The Good Country
A History of the American Midwest, 1800–1900
Published by: University of Oklahoma Press
Imprint: University of Oklahoma Press
Jon K. Lauck, the premier historian of the region, puts midwestern “squares” center stage—an unorthodox approach that leads to surprising conclusions. The American Midwest, in Lauck’s cogent account, was the most democratically advanced place in the world during the nineteenth century. The Good Country describes a rich civic culture that prized education, literature, libraries, and the arts; developed a stable social order grounded in Victorian norms, republican virtue, and Christian teachings; and generally put democratic ideals into practice to a greater extent than any nation to date.
The outbreak of the Civil War and the fight against the slaveholding South only deepened the Midwest’s dedication to advancing a democratic culture and solidified its regional identity. The “good country” was, of course, not the “perfect country,” and Lauck devotes a chapter to the question of race in the Midwest, finding early examples of overt racism but also discovering a steady march toward racial progress. He also finds many instances of modest reforms enacted through the democratic process and designed to address particular social problems, as well as significant advances for women, who were active in civic affairs and took advantage of the Midwest’s openness to women in higher education.
Lauck reaches his conclusions through a measured analysis that weighs historical achievements and injustices, rejects the acrimonious tones of the culture wars, and seeks a new historical discourse grounded in fair readings of the American past. In a trying time of contested politics and culture, his book locates a middle ground, fittingly, in the center of the country.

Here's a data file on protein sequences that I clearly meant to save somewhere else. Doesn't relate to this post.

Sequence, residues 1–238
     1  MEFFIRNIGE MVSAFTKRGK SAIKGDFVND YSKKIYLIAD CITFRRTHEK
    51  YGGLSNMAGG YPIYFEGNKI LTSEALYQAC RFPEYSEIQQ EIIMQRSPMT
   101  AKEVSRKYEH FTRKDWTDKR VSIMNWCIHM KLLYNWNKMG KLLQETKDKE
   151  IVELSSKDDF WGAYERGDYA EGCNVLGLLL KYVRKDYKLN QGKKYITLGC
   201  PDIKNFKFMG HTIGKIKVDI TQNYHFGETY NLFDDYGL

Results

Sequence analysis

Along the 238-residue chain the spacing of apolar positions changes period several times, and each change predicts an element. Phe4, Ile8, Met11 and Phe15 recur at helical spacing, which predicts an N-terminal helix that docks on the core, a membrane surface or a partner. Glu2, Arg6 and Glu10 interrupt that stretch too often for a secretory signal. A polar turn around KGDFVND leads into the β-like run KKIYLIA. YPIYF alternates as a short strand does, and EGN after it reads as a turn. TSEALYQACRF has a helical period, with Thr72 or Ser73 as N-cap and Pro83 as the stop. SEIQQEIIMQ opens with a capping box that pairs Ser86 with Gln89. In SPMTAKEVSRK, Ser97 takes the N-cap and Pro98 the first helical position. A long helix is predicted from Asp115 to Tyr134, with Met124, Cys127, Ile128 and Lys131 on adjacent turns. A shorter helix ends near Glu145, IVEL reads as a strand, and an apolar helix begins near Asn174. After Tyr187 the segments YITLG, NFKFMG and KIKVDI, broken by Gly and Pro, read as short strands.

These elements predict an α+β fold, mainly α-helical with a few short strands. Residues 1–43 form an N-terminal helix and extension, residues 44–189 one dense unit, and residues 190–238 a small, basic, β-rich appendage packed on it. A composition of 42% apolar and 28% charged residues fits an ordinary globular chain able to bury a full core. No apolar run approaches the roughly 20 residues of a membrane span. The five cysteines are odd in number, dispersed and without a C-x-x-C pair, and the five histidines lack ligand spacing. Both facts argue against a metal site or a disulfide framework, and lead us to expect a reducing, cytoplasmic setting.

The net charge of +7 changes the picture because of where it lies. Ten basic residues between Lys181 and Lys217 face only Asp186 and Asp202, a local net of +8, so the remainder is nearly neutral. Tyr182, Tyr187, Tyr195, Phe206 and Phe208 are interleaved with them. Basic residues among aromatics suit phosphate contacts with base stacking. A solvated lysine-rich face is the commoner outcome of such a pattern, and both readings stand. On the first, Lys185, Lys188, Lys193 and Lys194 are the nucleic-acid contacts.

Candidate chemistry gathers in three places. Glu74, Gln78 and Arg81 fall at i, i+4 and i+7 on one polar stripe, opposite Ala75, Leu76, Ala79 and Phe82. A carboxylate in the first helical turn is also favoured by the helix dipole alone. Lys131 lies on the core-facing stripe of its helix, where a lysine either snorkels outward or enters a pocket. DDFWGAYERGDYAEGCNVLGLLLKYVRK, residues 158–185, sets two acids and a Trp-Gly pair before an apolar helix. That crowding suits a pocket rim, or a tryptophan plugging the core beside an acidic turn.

“Of the myriad American diversities—racial, ethnic, religious, lifestyle—one is often neglected: the durable diversity of the nation’s regions. Jon K. Lauck redresses this imbalance by restoring the middle of the nation to its proper place in the middle of the national story. You do not need to be a Midwest chauvinist—I, a son of Central Illinois, am one—to appreciate his appreciation of this region’s nation-shaping role, and between 1861 and 1865 its nation-saving role.”—George F. Will
“Lauck’s full-throated celebration of America’s democratic traditions is an invitation to today’s most important debate.”—John Mack Faragher, author of California: An American History
“I know of no historian who has done such a superb job chronicling and framing the history of the American Midwest than Jon Lauck.” —Gregory L. Schneider, author of Rock Island Requiem: The Collapse of a Mighty Fine Line
“In this detailed examination of 19th-century social history from Ohio westward to Nebraska, Lauck presents an impassioned defense of the American Midwest against its critics, marshaling a formidable set of historical and cultural data that future critics will not be able to ignore.”—Omaha World Herald